Just when we thought that we had issues with growing our own peppers, we ran across this article from the Las Cruces Sun-News about the manpower vs. technology issues of the chile pepper cultivation out in New Mexico. Hey, at least we still pick our own peppers by hand. Granted that’s from like 12 plants or so…
Mechanized chile harvesting could ensure future of N.M. crop
By the Associated Press
12/25/2007 12:00:00 AM MST
LAKE ARTHUR, N.M. – A handful of farm laborers are busy at work on a warm day in mid-November, helping harvest 140 acres of Cecil Conklin’s red chile crop. But at this southeastern New Mexico farm, the workers aren’t stooped over hand-picking the peppers – they’re driving Conklin’s mechanical chile harvester as it plows through row after row of chile plants, methodically pulling off the peppers.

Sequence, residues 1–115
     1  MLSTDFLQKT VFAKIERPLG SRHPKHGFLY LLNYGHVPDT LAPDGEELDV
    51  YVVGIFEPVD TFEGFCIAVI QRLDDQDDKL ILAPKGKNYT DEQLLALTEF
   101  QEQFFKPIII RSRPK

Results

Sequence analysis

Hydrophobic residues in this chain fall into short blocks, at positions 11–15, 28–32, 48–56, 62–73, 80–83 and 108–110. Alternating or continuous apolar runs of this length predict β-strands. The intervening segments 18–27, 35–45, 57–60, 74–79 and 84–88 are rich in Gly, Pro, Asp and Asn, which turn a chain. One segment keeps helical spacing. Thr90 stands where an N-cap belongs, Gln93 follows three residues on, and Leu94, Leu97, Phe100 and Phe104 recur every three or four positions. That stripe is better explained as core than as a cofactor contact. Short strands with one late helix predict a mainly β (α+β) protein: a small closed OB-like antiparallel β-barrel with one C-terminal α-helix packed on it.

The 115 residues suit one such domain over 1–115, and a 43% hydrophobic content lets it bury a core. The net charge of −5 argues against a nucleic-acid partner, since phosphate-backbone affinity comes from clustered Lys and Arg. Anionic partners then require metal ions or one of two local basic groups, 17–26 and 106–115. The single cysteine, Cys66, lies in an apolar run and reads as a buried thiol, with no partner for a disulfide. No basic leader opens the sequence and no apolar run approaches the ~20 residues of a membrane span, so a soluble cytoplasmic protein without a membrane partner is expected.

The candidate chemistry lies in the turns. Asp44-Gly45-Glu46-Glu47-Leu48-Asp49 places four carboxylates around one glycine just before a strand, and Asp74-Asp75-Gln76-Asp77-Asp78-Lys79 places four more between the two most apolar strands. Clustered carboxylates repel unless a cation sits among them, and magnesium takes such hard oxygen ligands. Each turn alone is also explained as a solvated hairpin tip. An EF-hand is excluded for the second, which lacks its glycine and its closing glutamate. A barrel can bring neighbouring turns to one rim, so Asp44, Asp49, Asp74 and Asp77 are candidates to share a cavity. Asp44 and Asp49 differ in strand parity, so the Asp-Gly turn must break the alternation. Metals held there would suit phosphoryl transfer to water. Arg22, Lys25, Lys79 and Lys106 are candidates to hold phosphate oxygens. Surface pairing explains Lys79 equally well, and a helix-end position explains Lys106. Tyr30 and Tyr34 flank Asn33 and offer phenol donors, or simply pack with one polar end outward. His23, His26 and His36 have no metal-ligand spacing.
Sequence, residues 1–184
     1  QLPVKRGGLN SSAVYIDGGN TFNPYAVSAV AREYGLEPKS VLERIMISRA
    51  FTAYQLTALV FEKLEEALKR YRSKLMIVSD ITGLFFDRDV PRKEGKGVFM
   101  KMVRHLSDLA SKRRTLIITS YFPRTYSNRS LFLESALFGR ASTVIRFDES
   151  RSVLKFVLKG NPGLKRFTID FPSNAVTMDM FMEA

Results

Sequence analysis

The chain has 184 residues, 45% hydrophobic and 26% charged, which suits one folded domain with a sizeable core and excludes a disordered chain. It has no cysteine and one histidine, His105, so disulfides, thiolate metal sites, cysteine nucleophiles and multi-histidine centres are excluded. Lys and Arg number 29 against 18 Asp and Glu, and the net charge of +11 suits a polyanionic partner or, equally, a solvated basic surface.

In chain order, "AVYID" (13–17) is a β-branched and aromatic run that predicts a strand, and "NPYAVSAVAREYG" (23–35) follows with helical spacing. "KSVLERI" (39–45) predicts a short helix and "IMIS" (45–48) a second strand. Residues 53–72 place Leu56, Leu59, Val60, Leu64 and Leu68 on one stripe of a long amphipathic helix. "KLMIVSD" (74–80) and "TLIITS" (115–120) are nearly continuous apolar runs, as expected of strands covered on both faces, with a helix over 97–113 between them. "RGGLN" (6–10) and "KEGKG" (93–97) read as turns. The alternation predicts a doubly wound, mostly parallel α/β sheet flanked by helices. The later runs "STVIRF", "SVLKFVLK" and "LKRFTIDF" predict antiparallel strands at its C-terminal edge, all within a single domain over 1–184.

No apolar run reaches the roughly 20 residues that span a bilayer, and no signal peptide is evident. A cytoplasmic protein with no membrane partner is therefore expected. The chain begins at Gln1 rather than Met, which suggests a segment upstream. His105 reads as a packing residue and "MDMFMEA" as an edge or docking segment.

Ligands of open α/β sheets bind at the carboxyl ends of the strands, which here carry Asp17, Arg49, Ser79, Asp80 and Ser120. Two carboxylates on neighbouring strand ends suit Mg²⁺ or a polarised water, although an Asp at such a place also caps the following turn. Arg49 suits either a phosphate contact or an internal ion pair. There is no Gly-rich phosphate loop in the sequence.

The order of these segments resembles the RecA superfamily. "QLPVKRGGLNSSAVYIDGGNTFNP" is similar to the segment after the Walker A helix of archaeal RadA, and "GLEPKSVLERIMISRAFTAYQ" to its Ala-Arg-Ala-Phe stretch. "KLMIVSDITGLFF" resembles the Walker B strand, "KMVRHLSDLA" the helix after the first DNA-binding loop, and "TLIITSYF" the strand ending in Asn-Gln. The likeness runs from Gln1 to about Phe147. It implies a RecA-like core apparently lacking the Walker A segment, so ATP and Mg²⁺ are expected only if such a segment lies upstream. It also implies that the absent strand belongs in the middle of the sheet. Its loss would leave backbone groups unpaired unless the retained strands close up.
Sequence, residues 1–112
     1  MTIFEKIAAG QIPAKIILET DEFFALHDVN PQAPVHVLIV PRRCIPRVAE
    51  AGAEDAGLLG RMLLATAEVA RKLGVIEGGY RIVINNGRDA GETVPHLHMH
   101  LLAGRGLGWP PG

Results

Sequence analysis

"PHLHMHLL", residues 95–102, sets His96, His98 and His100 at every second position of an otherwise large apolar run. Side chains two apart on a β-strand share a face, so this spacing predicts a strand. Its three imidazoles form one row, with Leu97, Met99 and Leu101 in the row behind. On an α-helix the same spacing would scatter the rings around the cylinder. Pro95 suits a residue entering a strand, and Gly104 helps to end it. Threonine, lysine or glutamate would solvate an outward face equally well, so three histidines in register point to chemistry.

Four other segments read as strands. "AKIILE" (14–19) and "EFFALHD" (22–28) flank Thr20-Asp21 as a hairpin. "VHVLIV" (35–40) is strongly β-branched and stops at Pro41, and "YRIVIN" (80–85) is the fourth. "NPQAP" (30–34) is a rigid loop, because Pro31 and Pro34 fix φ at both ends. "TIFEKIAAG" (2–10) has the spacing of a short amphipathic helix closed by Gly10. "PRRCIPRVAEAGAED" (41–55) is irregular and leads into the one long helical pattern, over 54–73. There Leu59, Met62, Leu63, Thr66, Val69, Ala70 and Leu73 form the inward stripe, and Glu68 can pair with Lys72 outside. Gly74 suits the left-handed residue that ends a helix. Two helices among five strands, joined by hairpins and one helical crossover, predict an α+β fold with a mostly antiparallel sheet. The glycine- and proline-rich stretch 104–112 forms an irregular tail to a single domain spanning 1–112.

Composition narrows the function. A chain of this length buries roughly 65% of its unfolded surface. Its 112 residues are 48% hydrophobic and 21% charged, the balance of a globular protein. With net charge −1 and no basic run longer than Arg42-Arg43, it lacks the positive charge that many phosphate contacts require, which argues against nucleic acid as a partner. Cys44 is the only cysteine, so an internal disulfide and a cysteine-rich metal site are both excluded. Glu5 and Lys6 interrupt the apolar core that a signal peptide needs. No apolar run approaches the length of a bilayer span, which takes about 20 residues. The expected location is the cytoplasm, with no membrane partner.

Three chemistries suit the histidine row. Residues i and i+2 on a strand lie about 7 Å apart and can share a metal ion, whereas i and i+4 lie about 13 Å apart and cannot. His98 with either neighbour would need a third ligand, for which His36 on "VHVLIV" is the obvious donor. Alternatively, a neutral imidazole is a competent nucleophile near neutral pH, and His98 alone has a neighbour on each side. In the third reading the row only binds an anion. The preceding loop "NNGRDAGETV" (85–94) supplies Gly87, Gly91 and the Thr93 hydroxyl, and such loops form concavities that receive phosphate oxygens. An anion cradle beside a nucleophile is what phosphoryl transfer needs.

“The machine harvests about seven acres a day,” said Conklin, one of the first farmers in New Mexico to make the switch to mechanical harvesting more than a decade ago. “That’s about the same acreage that it took 40-50 workers to pick each day before we had the machine.
Mechanization “was forced on us – we couldn’t find the labor. Now, chile definitely has to be mechanically harvested in order for farmers to make money,” he said.
Increased market pressure from foreign chile imports, declining prices and lack of labor have made it tough for chile farmers to thrive. Using machines to harvest the state’s signature crop is the only way the $400 million chile industry can stay competitive, said Terry Crawford, professor of agriculture business and economics at New Mexico State University in Las Cruces.